Real digital transformation: Future-proof your business model
The Digital Transformation of Asia Pacific’s massive manufacturing sector promises to deliver a $387-billion leap in regional GDP within three years.
This finding, in a Microsoft commissioned survey and authored by analysts at IDC, throws a spotlight on the importance of rethinking traditional business models in this technology-driven age.
The survey, of 615 manufacturing firms in 15 economies across Asia Pacific, identifies managing costs as the biggest business concern among CEOs in the region. And, it is through that lens that they view digitalization largely as a way reducing expenditures. In its analysis, IDC agreed that while rising costs represent a real worry, it is a backward way of looking at the power of digital transformation. The good news, however, is that the CEOs rightly grasp the imperative of developing new business models to beat the rise of disruptive competitors. It is here that true Digital Transformation holds its greatest potential for success.
“In other words, manufacturers are trying hard to balance priorities. They want to keep traditional revenue streams ticking along while keeping a fixed eye on the fast-approaching future. We believe that change is not coming as quickly as it should. Manufacturing companies have to accelerate on truly transformative measures otherwise they run the risk of being lagged behind,” said Victor Lim, Vice President IDC Asia/Pacific.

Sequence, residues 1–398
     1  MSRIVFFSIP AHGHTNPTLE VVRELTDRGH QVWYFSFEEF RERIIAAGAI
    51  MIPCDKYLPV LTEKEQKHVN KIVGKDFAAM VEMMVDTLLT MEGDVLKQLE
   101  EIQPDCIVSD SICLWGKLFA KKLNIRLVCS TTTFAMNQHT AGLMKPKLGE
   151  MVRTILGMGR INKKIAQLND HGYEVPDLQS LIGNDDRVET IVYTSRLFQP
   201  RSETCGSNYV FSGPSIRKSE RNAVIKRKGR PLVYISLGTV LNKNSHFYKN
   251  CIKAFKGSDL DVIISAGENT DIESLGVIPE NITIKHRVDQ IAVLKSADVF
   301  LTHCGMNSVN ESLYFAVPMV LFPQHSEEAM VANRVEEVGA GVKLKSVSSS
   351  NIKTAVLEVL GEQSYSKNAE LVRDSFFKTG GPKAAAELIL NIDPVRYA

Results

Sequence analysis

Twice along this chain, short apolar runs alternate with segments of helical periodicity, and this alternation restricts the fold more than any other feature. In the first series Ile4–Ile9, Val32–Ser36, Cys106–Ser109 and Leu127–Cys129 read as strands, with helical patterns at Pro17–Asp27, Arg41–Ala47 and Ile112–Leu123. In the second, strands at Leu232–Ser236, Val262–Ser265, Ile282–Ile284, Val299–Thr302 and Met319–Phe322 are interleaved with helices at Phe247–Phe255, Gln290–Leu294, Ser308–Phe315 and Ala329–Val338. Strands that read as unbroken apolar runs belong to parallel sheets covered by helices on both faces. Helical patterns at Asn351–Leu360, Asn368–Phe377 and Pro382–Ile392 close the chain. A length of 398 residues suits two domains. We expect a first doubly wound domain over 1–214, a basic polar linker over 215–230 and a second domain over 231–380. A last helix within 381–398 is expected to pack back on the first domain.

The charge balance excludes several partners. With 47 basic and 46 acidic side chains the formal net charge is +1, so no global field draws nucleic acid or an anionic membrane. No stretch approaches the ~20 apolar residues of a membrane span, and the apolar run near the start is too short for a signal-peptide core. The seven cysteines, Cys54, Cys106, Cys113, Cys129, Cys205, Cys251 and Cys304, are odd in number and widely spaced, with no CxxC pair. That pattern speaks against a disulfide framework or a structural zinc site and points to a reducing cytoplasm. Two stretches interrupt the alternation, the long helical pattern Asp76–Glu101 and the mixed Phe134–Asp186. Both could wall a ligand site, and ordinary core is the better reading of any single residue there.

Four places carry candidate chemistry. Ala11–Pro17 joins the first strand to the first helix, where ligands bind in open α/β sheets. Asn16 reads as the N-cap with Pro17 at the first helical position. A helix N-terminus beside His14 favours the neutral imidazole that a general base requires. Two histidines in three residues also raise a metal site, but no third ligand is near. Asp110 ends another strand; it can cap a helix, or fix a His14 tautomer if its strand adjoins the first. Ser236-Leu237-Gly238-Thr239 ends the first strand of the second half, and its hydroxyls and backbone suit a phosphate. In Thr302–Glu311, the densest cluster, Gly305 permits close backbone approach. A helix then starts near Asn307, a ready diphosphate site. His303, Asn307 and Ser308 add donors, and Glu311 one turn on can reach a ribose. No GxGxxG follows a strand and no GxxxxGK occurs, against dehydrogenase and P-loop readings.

Balancing the present and the future
Digital Transformation initiatives bring tangible results to manufacturing companies
The survey identifies five top benefits, three of which relate to the present bottomline—improvement in productivity, profit margin and cost reduction.
And two others—revenue from new products and services along with improved customer loyalty— represent long-term sustainable growth and are truly transformative initiatives. They demonstrated the highest impact of all five last year, from 16% to 17%.
Moreover, revenue from new products and services along with customer loyalty show the most promise for improvements in the lead up to 2020, at 23% and 28% respectively.
Start the journey
Simply put it, Digital Transformation is about reimagining how organizations bring together people, data, and processes to create value for their customers and maintain a competitive advantage.
So how does an organization start? The answer is gathering data—lots of data.
“Broadly, an organization should go through a three-step process,” Lim said. “ Firstly, the data that you collect can help improve decision-making and leads to insights. Secondly, those insights feed the development of better products and services. And thirdly, that will lead to new business models to monetize sets of data directly or develop new commercial digital services.”
A great example of a manufacturing firm gathering data on old processes and using that data to develop new business opportunities is Toyota Industries, which moved from being simply a maker of forklifts to a company that also sells complete digital warehouse management solutions around the world.